June 4, 2012 by Tim McAdams

A helicopter’s tail rotor is necessary to counteract the torque of the main rotor. Without it, the fuselage would spin the opposite direction of the main rotor (Newton’s third law). However, it also creates issues from consuming power that could be used for lift to safety for ground personnel. Over the years engineers have developed different designs to address some of these concerns. One idea that was first used in the late 1960s was a ducted fan.

A conventional tail rotor typically has two or four blades, while a ducted fan design can have eight to thirteen blades. The blades are also much smaller, spin at higher speeds and are mounted within a shroud that forms part of the vertical tail fin of the helicopter. Called a fantail (or sometimes a fan-in-fin) the housing and vertical fin is integrated into the tail boom. Another term is Fenestron and is trademarked by French helicopter manufacture Eurocopter.

Some of the main advantages of a ducted fan design include good protection against ground obstacles and foreign object damage, increased safety for ground personnel working around the tail boom, and increased aerodynamic efficiency. Also, a ducted fan reduces noise and vibration levels. However, the system is more complex than a traditional tail rotor adding weight and cost. Moreover, a ducted fan needs to have sufficient width to be efficient which adds drag.  A large cambered vertical fin helps efficiency in forward flight, but can make crosswind hovering more challenging.  

Eurocopter’s Fenestron has been constantly evolving over the last 35 years and is currently used on the EC120, EC130, EC135, AS365 and EC155 helicopters. The Fenestron has features like stators and tuning weights to reduce the power requirement and pitch control loads. Also used in the design is an even number of unevenly spaced blades designed to reduce noise levels. Although currently Eurocopter is the predominate user of ducted fans in their tail rotor designs other manufactures have also built helicopters with this design. For example, the Boeing/Sikorsky RAH-66 Comanche, the Russian Kamov Ka-60, and the Japanese military helicopter, the Kawasaki OH-1 Ninja.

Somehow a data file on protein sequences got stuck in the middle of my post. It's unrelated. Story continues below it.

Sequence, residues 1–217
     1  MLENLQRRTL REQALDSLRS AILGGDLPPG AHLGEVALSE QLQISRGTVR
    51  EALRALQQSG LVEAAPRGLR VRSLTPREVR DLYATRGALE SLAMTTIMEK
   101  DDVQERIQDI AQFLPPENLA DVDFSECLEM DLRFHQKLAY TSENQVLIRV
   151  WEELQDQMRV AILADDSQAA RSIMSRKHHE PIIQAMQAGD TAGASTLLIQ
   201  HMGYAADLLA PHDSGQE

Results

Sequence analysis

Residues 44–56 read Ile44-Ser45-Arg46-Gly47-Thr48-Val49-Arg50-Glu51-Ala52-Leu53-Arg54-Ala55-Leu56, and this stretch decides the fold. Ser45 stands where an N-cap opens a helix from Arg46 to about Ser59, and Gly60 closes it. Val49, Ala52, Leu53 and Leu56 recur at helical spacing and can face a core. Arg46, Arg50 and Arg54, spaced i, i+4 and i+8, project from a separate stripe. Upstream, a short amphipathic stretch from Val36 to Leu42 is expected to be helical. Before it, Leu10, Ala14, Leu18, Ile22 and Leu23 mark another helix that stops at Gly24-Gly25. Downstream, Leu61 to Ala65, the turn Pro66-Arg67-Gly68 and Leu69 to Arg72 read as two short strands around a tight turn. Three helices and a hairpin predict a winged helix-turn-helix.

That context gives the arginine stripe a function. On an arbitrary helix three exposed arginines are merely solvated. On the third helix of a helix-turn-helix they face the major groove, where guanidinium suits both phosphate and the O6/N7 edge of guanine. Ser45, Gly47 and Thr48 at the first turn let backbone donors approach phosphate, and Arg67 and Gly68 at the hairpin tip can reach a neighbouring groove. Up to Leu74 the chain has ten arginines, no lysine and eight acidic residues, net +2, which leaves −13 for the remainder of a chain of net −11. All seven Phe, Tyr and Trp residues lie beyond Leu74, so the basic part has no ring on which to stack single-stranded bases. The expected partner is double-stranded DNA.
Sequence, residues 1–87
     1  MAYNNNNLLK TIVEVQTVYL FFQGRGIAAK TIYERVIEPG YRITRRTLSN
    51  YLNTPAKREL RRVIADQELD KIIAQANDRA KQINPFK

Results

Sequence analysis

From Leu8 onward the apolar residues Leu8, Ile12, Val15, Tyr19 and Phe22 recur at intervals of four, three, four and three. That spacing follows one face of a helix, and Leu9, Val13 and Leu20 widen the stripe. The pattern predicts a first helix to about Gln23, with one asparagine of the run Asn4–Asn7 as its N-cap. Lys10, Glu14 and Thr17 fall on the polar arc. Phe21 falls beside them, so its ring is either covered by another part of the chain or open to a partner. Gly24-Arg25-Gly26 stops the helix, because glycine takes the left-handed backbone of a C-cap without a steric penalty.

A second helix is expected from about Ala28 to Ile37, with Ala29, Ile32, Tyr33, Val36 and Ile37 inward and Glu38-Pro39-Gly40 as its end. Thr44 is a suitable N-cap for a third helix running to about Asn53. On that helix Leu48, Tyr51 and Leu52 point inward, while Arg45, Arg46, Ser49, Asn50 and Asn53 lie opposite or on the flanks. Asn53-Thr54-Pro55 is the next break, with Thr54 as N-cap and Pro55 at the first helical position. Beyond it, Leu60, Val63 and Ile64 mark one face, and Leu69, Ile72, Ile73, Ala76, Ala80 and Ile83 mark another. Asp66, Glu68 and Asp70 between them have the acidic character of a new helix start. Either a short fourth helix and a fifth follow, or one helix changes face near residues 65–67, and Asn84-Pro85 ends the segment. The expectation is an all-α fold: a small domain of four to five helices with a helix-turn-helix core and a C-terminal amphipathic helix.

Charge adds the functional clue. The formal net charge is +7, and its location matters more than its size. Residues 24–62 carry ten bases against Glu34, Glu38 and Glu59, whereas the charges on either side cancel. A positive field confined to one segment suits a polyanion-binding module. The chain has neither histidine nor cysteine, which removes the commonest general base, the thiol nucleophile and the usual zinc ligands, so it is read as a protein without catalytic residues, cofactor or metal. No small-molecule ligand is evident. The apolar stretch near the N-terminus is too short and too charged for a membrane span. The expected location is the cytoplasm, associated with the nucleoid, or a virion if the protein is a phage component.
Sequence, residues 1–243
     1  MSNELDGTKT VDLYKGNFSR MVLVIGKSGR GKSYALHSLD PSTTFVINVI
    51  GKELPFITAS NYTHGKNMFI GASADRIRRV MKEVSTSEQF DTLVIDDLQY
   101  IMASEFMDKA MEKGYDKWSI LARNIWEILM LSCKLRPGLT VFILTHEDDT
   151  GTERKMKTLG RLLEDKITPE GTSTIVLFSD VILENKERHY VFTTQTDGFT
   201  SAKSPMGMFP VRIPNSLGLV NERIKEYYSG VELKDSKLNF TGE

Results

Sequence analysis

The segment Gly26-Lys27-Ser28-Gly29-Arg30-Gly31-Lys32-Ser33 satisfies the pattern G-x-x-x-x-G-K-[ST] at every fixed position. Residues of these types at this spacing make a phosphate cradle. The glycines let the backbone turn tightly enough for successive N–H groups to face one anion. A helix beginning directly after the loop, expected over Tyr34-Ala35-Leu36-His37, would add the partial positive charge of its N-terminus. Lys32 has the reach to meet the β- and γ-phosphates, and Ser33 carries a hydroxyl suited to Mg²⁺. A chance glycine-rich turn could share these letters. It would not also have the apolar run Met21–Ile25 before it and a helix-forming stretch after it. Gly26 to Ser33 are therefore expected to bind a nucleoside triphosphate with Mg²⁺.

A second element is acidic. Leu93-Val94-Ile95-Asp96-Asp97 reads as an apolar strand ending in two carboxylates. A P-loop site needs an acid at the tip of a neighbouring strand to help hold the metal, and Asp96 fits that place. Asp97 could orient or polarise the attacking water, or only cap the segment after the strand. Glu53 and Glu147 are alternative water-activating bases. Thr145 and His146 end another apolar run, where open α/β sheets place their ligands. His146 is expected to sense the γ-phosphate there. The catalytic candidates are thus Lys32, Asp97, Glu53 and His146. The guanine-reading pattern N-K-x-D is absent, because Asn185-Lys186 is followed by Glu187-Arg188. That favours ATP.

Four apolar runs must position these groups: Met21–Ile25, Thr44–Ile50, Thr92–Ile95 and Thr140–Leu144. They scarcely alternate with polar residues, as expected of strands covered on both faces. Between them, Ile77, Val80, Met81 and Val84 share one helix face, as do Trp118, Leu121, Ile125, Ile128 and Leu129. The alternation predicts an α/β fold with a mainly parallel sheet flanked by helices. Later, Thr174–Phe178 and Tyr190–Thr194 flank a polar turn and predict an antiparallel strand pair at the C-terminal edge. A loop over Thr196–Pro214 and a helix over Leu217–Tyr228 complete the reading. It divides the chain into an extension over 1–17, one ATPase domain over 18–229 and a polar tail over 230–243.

EC135 Fenestron


Eurocopter's Fenestron

  • Avi Weiss

    Earlier Fenestron implementation also had somewhat “damped” or “spongy” response compared to classic tail-rotor design, though most seem to provide superior tail-rotor authority overall. Adding up the additional safety margin (reduced possibility of tail strike), and reduced noise signature due to edge shrouding, I think the trade-offs are worth it.

    Hopefully improvements in design and complexity reduction will continue over time, and other manufacturers will embrace fan design for counter-torque.

  • Alan Barnes

    “Eurocopter’s Fenestron has been constantly evolving over the last 35 years and is currently used on the EC120, EC130, EC135, AS365 and EC155 helicopters”

    Also the newer EC145 T2.

    Another helicopter that uses a Fenestron tail is the Guimbal Cabri G2. I *really* wish they would bring those to the US.

  • http://AOPA Jim Borger

    My experience has been less tail rotor authority, especially when doing hovering turns with a cross wind.. It is quieter and safer for ground operations but I still prefer the old style tail rotors.

  • Aaron q